disorder

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Related to conduct disorder: Oppositional defiant disorder

disorder

[dis′ȯrd·ər]
(crystallography)
Departures from regularity in the occupation of lattice sites in a crystal containing more than one element.
References in periodicals archive ?
Table-V showed stigma as an insignificant predictor of Conduct Disorder among orphans (R = 0.128; F = 3.191, p = 0.076).
Interestingly, the researchers found that boys and girls with conduct disorder showed the same structural abnormalities within this pathway in the brain.
Parenting programme for parents of children at risk of developing conduct disorder: cost effectiveness analysis.
Conduct Disorder 2 is defined as repetitive and constant behavior which violate the social norms rules regulation of the society (in 12 months duration).
The essential features of Conduct disorder (CD) is a repetitive pattern of behavior that is linked with the violation of societal norms and basic rights of others, manifested by presence of one criterion in the past 6 months or three or more criteria in the past 12 months (American Psychiatric Association [APA], 2000).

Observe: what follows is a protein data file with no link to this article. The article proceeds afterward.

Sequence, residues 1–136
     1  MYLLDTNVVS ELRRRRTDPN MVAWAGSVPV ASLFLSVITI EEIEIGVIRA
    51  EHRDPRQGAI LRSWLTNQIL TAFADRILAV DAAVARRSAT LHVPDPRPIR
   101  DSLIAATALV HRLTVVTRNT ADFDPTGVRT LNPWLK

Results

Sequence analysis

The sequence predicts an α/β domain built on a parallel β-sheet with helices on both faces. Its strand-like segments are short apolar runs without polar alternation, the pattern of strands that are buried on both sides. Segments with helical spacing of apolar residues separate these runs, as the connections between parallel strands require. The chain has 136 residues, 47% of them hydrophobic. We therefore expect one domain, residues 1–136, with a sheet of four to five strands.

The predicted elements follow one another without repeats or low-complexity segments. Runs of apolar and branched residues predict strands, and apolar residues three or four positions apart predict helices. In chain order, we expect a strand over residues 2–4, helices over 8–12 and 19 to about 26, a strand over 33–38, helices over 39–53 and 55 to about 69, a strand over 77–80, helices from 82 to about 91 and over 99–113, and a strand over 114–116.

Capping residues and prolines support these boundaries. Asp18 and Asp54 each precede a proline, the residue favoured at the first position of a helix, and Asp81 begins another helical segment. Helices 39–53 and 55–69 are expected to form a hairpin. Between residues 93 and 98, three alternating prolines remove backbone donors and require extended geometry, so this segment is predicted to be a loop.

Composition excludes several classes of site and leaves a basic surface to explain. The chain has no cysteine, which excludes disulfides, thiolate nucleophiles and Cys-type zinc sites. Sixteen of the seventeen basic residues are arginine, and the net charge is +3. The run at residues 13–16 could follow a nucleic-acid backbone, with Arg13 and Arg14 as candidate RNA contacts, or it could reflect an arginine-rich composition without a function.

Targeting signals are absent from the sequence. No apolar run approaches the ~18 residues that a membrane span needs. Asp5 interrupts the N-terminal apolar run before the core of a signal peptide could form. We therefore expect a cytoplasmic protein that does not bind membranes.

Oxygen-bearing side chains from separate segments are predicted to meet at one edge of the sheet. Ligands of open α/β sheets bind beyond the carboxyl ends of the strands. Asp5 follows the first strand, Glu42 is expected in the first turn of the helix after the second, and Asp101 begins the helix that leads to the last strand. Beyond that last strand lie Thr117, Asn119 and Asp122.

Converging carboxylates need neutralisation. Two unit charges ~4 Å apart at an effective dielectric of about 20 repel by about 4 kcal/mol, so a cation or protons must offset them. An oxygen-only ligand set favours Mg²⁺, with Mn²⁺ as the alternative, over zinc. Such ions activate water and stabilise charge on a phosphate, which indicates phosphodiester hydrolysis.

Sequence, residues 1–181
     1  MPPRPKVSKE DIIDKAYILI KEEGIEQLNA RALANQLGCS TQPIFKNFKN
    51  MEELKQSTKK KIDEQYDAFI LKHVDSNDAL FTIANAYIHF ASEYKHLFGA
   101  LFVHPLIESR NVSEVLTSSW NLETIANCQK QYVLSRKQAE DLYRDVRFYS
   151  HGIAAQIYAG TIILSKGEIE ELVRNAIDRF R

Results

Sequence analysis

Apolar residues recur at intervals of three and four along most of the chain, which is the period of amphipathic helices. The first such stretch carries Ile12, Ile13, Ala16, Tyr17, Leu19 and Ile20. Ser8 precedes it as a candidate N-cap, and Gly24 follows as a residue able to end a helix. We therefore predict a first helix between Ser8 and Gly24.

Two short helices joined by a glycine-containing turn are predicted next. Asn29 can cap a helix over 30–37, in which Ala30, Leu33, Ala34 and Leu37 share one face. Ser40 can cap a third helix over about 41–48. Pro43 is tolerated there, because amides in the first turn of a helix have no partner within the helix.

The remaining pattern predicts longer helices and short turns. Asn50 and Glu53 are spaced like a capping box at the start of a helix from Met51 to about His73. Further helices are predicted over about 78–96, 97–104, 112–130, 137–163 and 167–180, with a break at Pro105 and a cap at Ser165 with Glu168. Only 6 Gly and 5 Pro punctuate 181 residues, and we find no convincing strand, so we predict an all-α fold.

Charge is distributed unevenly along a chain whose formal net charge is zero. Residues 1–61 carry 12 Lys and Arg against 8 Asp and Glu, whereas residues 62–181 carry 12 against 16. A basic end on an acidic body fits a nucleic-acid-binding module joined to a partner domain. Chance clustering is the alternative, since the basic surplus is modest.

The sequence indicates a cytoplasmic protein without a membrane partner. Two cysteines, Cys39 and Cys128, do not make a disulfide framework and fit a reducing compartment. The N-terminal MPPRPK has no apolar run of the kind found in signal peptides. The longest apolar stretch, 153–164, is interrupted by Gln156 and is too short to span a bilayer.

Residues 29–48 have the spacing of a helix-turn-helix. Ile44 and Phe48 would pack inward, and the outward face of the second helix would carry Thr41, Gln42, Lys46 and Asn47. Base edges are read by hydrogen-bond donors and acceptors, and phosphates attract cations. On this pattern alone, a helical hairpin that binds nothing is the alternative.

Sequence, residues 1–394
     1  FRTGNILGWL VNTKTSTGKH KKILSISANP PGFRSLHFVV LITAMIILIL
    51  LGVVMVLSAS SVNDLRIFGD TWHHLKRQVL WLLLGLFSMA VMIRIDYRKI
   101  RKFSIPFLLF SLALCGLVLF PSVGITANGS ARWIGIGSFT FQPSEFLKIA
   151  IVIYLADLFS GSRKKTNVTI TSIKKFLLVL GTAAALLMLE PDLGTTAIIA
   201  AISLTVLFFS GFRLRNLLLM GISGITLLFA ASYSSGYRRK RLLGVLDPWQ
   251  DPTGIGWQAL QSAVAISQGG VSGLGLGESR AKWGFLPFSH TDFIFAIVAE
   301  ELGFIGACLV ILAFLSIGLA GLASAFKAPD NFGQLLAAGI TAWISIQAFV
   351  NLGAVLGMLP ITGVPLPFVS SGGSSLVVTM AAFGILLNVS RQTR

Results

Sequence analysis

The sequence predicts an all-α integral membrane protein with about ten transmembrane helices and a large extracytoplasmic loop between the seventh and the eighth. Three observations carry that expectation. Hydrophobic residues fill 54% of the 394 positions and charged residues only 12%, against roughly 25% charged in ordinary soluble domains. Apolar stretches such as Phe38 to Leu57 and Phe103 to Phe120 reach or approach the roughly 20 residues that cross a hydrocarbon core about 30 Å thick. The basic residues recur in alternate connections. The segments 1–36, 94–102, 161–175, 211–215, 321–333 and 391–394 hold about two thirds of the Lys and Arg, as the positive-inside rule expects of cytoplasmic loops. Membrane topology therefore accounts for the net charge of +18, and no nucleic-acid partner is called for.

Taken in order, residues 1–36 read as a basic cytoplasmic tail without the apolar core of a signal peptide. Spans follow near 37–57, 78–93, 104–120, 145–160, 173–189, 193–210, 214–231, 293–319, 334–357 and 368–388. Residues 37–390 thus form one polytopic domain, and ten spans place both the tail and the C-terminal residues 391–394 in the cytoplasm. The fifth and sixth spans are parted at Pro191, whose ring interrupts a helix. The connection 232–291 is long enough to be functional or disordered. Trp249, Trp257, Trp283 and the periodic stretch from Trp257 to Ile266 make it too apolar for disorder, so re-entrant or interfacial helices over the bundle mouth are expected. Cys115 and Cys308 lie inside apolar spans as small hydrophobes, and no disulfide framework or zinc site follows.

The progression of conduct disorder may be explained by the continuous accumulation and interaction of the risk factors.
Sample 3 comprised youths diagnosed with Conduct Disorder and/or Oppositional-Defiant Disorder by clinical psychiatrists, neurologists and psychologists, according to a standardized interview for assessing the DSM criteria, the SCID-I (N = 24; mean age = 15.70 years; SD = 1.06; range = 11-17 years; 58.33% girls).
% Conduct Disorder 50 5.48 Total % Total % Conduct Disorder 5.48 Note: Table made from bar graph.
Oppositional defiant disorder and conduct disorder: a review of the past 10 years, part II.
(42) Moreover, psychological research has shown a connection between conduct disorder in childhood and adolescence and antisocial personality disorder and psychopathy in adulthood.
In a study of over 500 males diagnosed with Conduct Disorder or Oppositional Conduct Disorder, 90% had personal history of sexual, physical and emotional abuse.
Research in the UK by Graeme Fairchild, a lecturer in clinical psychology at Southampton University, has shown that adolescents with aggressive conduct disorders often had a shrunken amygdala - the area governing emotions and morality.